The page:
PORT ST. LUCIE — Clive Niles spent more than three decades as a special patrolman in New York before bringing his skills to the Port St. Lucie Police Department.
“I enjoy what I’m doing,” Niles, 85, said. “Somebody said ‘thank you very much for what you’re doing,’ and that keeps me going.”
Niles is among about 165 Port St. Lucie police volunteers, a group that provides services including community patrol, parking enforcement, courier services and investigative help.
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The volunteer program started in 1995, and the existing volunteers typically contribute nearly 10,000 hours of work annually valued at almost $300,000, according to Assistant Chief Richard Del Toro and others.
In 2021, the volunteer program provided more than 4,000 hours despite COVID-19 issues.
“It increases our manpower, at no cost to the organization,” Del Toro said. “But at the same time, people are volunteering their efforts, they’re giving back to their community, (it) gives them that sense of ownership.”
Last month, Port St. Lucie police took home the 2022 International Association of Chiefs of Police Leadership in Volunteer Police Programs Award.
Del Toro said most volunteers are retirees, but there is a mix.
“You need those extra eyes, those extra ears, those people that are committed to working with us to helping us solve the problems that we see each and every single day,” Del Toro said.
Harvey Hager, 75, is the commanding officer of the Riverland community patrol unit. He is a retired insurance agent and former optical store owner.
Hager, a New York native who has lived in Port St. Lucie about 3 ½ years, supervises 16 people and performs scheduling and administrative work.
“It helps me get around, get to know the city,” Hager said. “It helps the city with free help.”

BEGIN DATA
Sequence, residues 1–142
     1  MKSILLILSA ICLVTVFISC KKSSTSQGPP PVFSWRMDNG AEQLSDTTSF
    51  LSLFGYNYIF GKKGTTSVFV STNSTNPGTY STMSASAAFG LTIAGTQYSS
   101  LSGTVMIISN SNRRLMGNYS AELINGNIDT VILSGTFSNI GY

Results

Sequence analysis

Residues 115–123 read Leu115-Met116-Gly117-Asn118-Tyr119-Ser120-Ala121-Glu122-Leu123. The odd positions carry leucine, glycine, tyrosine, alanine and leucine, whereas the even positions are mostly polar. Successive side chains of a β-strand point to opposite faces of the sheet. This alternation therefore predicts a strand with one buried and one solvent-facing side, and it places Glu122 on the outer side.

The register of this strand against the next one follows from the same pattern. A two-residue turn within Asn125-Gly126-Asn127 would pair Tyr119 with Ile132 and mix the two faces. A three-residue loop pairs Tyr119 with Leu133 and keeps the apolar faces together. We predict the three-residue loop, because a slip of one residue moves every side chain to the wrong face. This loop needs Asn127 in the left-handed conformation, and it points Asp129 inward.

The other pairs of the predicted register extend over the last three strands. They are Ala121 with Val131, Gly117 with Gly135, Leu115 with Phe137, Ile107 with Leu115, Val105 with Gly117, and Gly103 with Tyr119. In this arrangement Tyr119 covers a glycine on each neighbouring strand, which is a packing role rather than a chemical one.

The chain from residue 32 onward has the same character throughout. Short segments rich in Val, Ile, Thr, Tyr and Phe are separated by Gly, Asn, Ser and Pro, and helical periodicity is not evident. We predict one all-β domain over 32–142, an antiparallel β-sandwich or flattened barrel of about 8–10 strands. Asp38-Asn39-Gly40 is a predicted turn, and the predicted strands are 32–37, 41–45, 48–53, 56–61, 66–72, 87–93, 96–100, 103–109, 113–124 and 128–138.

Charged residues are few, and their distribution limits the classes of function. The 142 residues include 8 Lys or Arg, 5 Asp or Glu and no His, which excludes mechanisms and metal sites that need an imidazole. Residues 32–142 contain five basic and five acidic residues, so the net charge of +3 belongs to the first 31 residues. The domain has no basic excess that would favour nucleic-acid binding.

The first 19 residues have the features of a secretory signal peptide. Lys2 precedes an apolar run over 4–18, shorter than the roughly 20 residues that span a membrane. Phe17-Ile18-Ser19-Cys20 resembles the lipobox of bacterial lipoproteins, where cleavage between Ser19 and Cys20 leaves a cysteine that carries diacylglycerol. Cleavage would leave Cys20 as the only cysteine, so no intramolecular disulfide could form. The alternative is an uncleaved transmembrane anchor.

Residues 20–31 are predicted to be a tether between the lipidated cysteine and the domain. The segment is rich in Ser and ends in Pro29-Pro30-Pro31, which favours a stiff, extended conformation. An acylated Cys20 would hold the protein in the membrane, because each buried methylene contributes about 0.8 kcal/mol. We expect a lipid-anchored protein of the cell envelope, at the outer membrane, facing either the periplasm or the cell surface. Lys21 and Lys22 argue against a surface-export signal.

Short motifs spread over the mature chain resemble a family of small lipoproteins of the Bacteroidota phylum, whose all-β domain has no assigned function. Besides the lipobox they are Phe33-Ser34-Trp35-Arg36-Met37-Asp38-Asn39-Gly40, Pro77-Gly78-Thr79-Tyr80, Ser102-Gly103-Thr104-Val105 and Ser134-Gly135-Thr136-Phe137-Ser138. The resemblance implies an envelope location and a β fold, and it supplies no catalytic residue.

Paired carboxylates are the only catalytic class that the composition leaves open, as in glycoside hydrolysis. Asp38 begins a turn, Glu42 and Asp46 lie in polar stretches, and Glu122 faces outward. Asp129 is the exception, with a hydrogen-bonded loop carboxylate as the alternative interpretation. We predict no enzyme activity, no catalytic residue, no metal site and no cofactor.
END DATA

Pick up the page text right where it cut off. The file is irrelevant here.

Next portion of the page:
He said volunteers come from all walks of life, noting a retired doctor, lawyer, plumber and 33-year veteran of the U.S. Drug Enforcement Administration.
Niles, who retired in 1999 from his special patrolmen job in New York, has volunteered more than two decades with police.
He started in community-oriented policing and then parking enforcement, and has worked in other areas, he said.
The native of Trinidad said his biggest job involved work on the Judith Leekin case.
Leekin, now 77, in 2009 was sentenced to 20 years in prison in connection with lengthy abuse in a child adoption case that had ties to New York, where in 2008 she was sentenced to 130 months for defrauding that state’s adoption system out of $1.68 million.
“She had shredded all documents and had … two trash bags, filled with documents that was torn apart, and they don’t know what to do with it,” Niles said. “I stepped in and I said I can help with that, and they gave me a room with a desk, and I said I’ll put everything back together like a puzzle.”
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Police Administrator Bill May said volunteers can help in areas including providing clerical work in the records area, and assistance in animal control.
“We run our volunteer program the same way as we run our police department,” May said. “You have officers, you have squads, people are held accountable.”
Del Toro said his agency wants volunteers to work a minimum of three hours a week, although it can be as many as they like.
Niles, for example, works five hours a day, five days a week.
Volunteer Coordinator Donna Hentz said those who participate in the program are caring individuals who want to be involved in their neighborhoods.
“They’re not those people that just sit around and complain. They want to do something about it,” Hentz said.
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How you can help
- For more information about becoming a police volunteer, contact Hentz at 772-344-4052.
- Those who wish to learn about police and other volunteer opportunities with the City of Port St. Lucie also can go to https://www.cityofpsl.com/government/departments/human-resources/volunteering